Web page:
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Commercial Bacillus probiotic supplementation of rainbow trout (Oncorhynchys mykiss) and brown trout (Salmo trutta): growth, immune responses and intestinal morphology
- Ramos, Maria Amélia, Gonçalves, José F M, Costas, Benjamín, Batista, Sónia, Lochmann, Rebecca, Pires, Maria A, Rema, Paulo, Ozório, Rodrigo O A
- Aquaculture research 2017 v.48 no.5 pp. 2538-2549
- Bacillus cereus, Bacillus subtilis, Oncorhynchus mykiss, Salmo trutta, body composition, complement, enterocytes, enzyme activity, experimental diets, growth performance, immune response, innate immunity, lysozyme, nutritional intervention, peroxidase, probiotics, soybean meal, trout, villi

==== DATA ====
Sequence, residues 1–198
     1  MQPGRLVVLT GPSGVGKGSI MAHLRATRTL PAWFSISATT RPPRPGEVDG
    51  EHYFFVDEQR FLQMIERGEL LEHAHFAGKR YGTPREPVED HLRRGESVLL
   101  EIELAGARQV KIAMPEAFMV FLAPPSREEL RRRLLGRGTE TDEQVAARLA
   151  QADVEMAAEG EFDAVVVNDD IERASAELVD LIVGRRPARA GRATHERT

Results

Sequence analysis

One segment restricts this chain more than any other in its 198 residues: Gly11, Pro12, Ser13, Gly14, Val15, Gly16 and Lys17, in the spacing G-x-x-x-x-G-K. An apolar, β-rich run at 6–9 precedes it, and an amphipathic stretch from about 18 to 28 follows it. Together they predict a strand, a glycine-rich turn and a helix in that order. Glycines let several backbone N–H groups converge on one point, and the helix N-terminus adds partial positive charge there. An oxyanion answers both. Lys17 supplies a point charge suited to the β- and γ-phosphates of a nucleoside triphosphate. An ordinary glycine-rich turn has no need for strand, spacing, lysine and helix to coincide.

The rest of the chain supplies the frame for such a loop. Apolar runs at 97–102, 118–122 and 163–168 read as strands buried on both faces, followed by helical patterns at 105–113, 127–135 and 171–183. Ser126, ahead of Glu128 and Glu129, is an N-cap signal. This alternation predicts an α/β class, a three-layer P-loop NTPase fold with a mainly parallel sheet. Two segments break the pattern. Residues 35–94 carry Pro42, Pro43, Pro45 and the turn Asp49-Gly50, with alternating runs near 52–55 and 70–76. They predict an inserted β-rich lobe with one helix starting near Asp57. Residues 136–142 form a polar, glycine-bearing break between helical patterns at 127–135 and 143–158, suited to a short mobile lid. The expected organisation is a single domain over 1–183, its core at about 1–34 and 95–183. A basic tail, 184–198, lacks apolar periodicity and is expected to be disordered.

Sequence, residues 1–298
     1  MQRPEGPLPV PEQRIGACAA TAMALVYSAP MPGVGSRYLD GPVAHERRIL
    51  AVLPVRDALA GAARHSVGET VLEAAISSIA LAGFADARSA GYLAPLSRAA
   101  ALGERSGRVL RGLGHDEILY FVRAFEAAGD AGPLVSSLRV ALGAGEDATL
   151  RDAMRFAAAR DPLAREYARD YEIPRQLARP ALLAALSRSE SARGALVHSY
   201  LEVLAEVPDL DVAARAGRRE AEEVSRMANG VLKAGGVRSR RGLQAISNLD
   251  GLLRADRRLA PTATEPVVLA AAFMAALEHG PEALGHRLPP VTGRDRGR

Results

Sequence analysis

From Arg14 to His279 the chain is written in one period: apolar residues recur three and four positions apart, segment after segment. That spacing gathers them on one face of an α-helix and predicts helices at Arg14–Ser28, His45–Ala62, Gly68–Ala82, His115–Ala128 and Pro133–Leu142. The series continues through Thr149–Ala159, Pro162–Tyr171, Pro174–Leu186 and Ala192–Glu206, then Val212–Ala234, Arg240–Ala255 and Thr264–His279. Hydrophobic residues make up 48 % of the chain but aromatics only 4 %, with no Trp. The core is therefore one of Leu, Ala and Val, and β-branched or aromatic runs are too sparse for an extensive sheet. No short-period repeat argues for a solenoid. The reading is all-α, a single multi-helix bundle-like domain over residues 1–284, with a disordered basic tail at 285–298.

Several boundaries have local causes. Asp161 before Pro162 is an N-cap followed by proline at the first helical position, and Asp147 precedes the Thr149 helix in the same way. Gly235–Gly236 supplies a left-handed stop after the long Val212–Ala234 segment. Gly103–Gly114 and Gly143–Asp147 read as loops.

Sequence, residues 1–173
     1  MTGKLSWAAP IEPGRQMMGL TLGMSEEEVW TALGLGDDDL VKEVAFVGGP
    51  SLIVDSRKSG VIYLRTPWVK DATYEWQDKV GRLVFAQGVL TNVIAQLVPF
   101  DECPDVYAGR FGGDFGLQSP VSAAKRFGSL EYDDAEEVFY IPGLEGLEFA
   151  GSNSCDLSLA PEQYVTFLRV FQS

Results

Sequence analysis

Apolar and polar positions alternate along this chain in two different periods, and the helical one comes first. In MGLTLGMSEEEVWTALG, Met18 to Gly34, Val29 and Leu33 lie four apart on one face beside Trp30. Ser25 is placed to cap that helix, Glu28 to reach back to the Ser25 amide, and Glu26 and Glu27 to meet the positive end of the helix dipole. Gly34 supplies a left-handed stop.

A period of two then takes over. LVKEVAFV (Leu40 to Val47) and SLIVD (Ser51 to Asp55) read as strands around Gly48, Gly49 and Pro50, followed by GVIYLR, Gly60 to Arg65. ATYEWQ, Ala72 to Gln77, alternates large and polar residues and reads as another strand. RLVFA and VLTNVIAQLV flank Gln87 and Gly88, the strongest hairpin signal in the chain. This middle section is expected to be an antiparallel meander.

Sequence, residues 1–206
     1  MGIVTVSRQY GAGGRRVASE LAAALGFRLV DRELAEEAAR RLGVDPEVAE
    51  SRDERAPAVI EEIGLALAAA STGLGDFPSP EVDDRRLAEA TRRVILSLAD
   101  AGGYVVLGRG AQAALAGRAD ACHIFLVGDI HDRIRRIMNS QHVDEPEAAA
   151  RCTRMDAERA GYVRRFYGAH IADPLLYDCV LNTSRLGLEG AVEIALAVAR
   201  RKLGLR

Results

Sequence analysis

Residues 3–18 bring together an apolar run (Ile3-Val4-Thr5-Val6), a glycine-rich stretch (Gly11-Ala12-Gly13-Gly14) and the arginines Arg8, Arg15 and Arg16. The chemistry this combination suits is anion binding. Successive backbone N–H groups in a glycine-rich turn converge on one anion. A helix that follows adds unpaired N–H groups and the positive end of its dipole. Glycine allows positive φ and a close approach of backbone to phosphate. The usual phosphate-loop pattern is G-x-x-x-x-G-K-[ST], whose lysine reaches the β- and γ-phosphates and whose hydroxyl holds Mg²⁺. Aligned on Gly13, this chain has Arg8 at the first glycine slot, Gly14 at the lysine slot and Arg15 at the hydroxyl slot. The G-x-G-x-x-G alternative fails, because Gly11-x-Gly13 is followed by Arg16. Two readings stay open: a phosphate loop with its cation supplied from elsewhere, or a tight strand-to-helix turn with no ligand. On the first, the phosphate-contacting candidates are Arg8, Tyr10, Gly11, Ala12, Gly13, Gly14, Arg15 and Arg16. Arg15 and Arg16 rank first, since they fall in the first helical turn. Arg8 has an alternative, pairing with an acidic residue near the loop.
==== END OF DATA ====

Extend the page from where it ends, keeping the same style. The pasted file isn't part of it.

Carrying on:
- Probiotic administration is associated with the enhancement of host resistance to environmental and nutritional stressors, improving survival and growth rates. This study was carried out to evaluate the effects of dietary supplementation of Bacillus subtilis and Bacillus cereus toyoi on growth performance, innate immune responses and gut morphology of two trout species feeding a commercial diet high in soybean meal. A commercial probiotic (4.2 × 10⁹ CFU g⁻¹ of additive) was supplemented to the experimental diets at 0% (control), 0.03% (P₁; 6 × 10³ CFU g⁻¹ of diet) or 0.06% (P₂; 1.5 × 10⁶ CFU g⁻¹ of diet) and fed to brown trout (Salmo trutta) and rainbow trout (Oncorhynchus mykiss) for 9 and 20 weeks respectively. Rainbow trout showed significantly better growth performance than brown trout, regardless of the dietary treatment. No effect of dietary probiotic supplementation was detected on growth performance, body composition or innate immune parameters (plasma lysozyme, alternative complement and peroxidase activities). In both species, after 9 weeks, intestinal lamina propria and submucosa were widened, with increased presence of inflammatory cells, significantly higher in groups fed probiotics. This inflammatory process, with villi and enterocytes noticeably damaged compared with the control group, was more pronounced in brown trout. Under the current trial conditions, the B. subtilis + B. cereus toyoi had no positive impact in either trout species, on the contrary a harmful effect was observed.